"Projecting romantic scenarios on young children may become harmful once children begin understanding the comments of adults around them," says Emily W. King, Ph.D., a licensed psychologist in Raleigh, North Carolina, who specializes in working with children of all ages. “While comments about 'flirting' with a playmate might go over the head of a baby or toddler, preschoolers are going to notice. These labels can be confusing when their intention is to just play with a friend, male or female because they're having fun."
Flirtation implies romance or sexuality in a context that is neither cute nor appropriate for children too young to even understand what those words mean.
And of course babies aren’t flirting at all; they are simply enjoying natural parts of their development. "Babies who appear to 'flirt' with you are building brain connections through social interactions,” says Dr. King. That’s also the case when babies interact with other tots during playdates. “By this point in development, babies have developed some motor skills so they can turn or move their bodies towards other babies and smile or giggle at one another,” adds Dr. King.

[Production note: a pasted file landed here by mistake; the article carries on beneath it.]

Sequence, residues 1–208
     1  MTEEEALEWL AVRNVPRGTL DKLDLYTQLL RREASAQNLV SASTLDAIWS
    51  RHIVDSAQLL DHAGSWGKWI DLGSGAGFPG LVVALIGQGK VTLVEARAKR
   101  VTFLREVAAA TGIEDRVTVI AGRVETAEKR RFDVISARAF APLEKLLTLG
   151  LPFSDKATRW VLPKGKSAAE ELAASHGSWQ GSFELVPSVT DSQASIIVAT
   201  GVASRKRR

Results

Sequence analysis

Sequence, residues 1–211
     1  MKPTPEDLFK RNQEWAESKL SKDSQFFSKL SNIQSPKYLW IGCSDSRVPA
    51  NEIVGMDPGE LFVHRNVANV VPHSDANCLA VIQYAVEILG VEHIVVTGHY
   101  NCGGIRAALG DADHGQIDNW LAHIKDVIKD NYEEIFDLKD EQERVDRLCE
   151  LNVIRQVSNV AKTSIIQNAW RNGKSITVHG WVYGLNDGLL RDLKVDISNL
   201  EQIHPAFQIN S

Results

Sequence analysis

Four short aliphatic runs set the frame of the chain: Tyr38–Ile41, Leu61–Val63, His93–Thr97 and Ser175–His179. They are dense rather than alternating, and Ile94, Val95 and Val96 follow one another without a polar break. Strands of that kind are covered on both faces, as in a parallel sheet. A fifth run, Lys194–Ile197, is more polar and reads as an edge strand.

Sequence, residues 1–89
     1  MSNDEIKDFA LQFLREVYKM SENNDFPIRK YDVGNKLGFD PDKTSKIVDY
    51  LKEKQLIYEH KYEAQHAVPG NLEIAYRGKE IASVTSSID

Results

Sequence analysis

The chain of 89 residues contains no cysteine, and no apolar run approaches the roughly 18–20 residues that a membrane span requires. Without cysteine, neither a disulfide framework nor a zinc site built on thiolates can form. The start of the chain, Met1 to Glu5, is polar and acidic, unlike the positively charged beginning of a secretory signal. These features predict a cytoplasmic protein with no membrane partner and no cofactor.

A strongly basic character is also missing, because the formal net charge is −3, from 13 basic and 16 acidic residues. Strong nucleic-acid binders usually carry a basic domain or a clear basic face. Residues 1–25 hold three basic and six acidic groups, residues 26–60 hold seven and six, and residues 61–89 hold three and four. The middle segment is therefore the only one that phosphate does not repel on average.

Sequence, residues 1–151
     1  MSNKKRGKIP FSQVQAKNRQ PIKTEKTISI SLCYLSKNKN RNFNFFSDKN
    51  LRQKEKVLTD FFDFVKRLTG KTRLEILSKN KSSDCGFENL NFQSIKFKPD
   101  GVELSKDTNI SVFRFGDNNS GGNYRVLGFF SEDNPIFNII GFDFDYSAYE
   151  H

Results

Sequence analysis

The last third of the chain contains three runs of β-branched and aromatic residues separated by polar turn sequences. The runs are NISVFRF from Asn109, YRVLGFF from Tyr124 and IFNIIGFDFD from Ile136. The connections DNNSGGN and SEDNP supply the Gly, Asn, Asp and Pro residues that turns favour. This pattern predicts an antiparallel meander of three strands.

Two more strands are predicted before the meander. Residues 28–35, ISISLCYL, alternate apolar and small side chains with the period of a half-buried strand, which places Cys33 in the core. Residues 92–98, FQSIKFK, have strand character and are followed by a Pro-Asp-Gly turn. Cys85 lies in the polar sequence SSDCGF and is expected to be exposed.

I’ve completely stopped tying any romantic language to my daughter’s friendships with other kids her age. I don’t want her to grow up feeling every interaction she has is simply an opportunity for a romantic relationship or make her feel pressured to seek a partner. Instead, I’ll take expert advice and let her take the lead on describing her relationships to me, whenever she's ready.
“When talking with our child, just listen and emphasize kindness, fun, and learning,” says Dr. King. “Most children will hear these romantic labels soon enough, opening up the conversation for the difference between friendships and romantic relationships."